What do these people know about Tim?

“I don’t know, that’s why I’m listening, now shh!

Sunglasses Man had pulled out a notebook and a ballpoint pen. “Did you notice anything out of the ordinary, last time you saw him?”

Yeah, actually…” she said, taking almost an entire breath per whispered word that slid slowly between her lips, “he was… talking about… someone called Alice… seemed quite upset… when I didn’t know her…

Alice blanched. “Tim knew I was gone?”


“My friend. I— he was maybe twenty feet away when I fell through the floor to the Library. Wait,” she said, the dawning possibilities unfolding in her mind’s eye, “he was talking about ‘the other one’ — do they have Tim?

“That would complicate things.”

“It’d complicate things?

Red put a hand on her shoulder, and she realised she’d been stepping towards the sofa, fists clenched. “We’re still pretty low on information. If STAR has been ‘entertaining’ your friend, we don’t know where he’s being kept. I guess we could follow him back to wherever STAR is when he leaves?

Right.” She took Red by the forearm and removed his hand from her shoulder. “Right, okay. I’m calm.” 

Ow,” he replied, “you’re really calmly squeezing my arm, there.”

“Oh, sorry!”


Sunglasses Man finished making some notes, making a few murmured observations to someone whose responses and input weren’t interesting.

“Right,” he said, after he’d finished listening to a couple more of Sasha’s whispery responses to his questions. “I think we should take her back to containment and put her in the decontamination queue — she’s clearly a second-order knowledge breach via Jacobson.”

If there was a reply, it wasn’t interesting enough to bother recording as part of a narrative.

Alright then,” said Red, cracking his knuckles — somewhat odd, she realised, given that his right hand didn’t really have any joints — “sounds like they’re going somewhere, so let’s see about finding out how to get there.”

He raised a hand, gesturing, as a little red light flickered within the crystal of his hand. Alice focused, paying as close attention as she could with her mind’s ear, or whatever esoteric sense allowed her to ‘feel’ the pneuma of magic as it happened. He finished the spell, she felt the tickle as it passed their brain, and saw as a tiny red symbol, like a little fork, appeared on the back of Sunglasses Guy’s coat shoulder.

He shouldn’t notice that,” Red whispered.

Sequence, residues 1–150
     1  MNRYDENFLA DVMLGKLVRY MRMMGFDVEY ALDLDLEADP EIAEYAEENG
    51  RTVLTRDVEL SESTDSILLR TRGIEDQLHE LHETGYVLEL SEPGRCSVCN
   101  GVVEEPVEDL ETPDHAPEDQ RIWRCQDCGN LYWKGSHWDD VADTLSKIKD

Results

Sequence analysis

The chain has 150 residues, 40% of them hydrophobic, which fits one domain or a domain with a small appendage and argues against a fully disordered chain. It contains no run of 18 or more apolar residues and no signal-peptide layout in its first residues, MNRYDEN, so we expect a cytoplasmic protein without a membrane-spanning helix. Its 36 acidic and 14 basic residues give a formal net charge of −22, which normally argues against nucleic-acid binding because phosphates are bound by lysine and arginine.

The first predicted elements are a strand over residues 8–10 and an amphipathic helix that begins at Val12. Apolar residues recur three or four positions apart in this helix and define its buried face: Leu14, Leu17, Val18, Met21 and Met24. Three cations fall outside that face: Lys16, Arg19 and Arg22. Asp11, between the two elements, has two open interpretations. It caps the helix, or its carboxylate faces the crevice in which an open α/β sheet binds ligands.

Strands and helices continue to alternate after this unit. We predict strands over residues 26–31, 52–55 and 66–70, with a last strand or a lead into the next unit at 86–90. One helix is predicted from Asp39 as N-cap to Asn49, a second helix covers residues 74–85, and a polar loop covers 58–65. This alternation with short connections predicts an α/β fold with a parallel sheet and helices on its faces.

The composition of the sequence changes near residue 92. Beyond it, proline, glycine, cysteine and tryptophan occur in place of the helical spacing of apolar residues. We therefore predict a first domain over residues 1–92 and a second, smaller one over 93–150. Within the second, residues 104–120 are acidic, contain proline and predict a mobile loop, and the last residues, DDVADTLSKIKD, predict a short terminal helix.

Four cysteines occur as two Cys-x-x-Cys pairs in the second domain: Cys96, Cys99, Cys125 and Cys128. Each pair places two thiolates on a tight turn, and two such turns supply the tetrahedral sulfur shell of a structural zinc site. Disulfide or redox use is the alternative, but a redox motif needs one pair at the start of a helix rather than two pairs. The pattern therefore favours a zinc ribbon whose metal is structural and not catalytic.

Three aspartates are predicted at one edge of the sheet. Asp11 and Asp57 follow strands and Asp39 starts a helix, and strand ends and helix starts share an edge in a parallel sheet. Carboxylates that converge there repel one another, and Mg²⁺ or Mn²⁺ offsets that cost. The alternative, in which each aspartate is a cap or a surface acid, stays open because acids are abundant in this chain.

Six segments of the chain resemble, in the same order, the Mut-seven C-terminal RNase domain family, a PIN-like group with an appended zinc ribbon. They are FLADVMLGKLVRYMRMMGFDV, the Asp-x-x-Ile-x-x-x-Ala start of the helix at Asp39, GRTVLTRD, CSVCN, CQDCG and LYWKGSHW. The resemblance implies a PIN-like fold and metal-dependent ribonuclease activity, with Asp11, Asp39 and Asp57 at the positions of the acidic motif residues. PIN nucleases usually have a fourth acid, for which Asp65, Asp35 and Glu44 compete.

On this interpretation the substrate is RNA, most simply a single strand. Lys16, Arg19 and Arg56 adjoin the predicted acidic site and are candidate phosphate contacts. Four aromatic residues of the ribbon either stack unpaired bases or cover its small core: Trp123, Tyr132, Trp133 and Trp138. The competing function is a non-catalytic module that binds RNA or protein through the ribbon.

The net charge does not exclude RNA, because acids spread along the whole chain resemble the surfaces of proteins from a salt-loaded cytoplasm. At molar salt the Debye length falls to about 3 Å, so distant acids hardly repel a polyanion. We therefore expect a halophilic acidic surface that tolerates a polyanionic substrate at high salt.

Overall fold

Something was happening, and it only barely managed to be interesting enough to pay attention to. It was like all the shadows in the room were being pulled, by some inexorable metaphorical gravity, towards the sofa, its occupant, and the man with the sunglasses. With a burst of impossible noise, the entire back of the sitting room was swallowed in a burst of darkness so deep it hurt Alice’s eyes, and she was left blinking away the afterimages for a second as she processed what had been going on. When the dust had settled, nothing was left of the intruder or Sasha, besides an empty sofa and a rush of cold air that bought with it a scent so maddeningly empty that she didn’t think she’d be able to forget it. She stared at the sofa for a long moment, as if she could simply will Sasha to reappear.

Red’s voice broke the silence. “Huh. If I’m not deceived, that was void-walking.”

“Oh, like you do?”

“Pretty much exactly like I do. Weird, because Sunglasses Guy doesn’t seem the type, but it definitely happened. And, well…”

He strode forwards, stopping by the sofa and looking around thoughtfully.

“What’re you doing?”

“Well, you see, if someone’s very skilled at walking the Outer Void—” He paused for a second. “Oh okay, you’re very rattled.”

She stopped pacing for a moment. “Huh?”

“Normally you’d say something snarky and — oh, nevermind. Anyway, since this guy, who I’m starting to suspect is a void magician of some sort, left through the Void, he’s carved a path, and it’s a path I can follow, especially with that mark I put on him. So…”

He held out a hand, and she took it. He gave her a reassuring smile, and she returned her own, nervous and anaemic though it was by comparison.

And then he turned away, from her, from the Real, and they plunged into the all-too-familiar arms of the Void.